## an interesting highschool geometry question

Posted: April 1, 2013 in Mathematics

During the long easter weekend, I finally have time to check out the web and forums and I found this nice little geometry problem on triangles.  At first glance the problem looks difficult, however it is not too bad after figuring out some of the angles and realizing couple isosceles triangles in it.

Solution

First of all let’s label the points A, B, C, D, E, and F in the diagram.

Obviously, triangle ABC, triangle BCD, and triangle ABF are isosceles triangles.  Let

$AB=AC=BF=k, \quad BD=BC=a$

and let

$CD=b, \quad AD=c$

In isosceles triangle ABC, we have

$\dfrac{a}{2k}=\cos{48}$

$a=2k\cos{48}$

In isosceles triangle BCD, we have

$\dfrac{b}{2a}=\cos{72}$

$b=2(2k\cos 48)\cos 72=4k\cos 72 \cos 48$

Then apply the Product-to-Sum identity

$\cos{A}\cos{B}=\dfrac{\cos(A+B)+\cos(A-B)}{2}$

We have

$b=2k(\cos 120 + \cos 24)=(2\cos24-1)k$

Now apply the cosine law on triangle ACD,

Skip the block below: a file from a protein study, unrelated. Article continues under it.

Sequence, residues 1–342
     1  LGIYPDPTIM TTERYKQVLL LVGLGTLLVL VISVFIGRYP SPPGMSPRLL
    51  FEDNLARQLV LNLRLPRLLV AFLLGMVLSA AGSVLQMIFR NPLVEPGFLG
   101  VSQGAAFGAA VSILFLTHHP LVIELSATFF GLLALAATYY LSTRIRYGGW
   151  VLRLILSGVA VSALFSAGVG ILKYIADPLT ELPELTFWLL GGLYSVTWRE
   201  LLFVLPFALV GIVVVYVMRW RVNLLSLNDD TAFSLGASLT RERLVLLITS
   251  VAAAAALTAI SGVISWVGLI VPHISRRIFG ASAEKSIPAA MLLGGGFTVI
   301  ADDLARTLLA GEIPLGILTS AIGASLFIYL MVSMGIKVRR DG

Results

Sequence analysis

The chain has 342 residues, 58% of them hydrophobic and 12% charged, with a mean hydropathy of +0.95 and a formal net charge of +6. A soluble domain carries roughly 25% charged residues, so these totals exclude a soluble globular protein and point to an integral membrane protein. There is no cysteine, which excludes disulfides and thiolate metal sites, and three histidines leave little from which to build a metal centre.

$c^2=k^2+b^2-2kb\cos 24$

$c^2=k^2+(2\cos24-1)^2k^2-2k((2\cos24-1)k)\cos24$

$c^2=k^2(1+4\cos^2{24}-4\cos{24}+1-4\cos^2{24}+2\cos{24})$

$c^2=k^2(2-2\cos24)$

And then finally apply sine law in triangle ABD,

$\dfrac{\sin x}{k}=\dfrac{\sin 12}{c}$

$\dfrac{\sin x}{k}=\dfrac{\sin 12}{k\sqrt{2-2\cos24}}$

Then apply double angle identity,

$\cos(2\theta)=1-2\sin^2\theta$

$\sin x = \dfrac{\sin 12}{\sqrt{2-2(1-2\sin^2{12})}}$

$=\dfrac{\sin 12}{\sqrt{4\sin^2{12}}}=\dfrac{1}{2}$

$\therefore x=30$

Therefore angle x is 30 degrees.

Remarks:

Some additional beautiful results can be found if we solve x differently, but I will leave this for next time. 🙂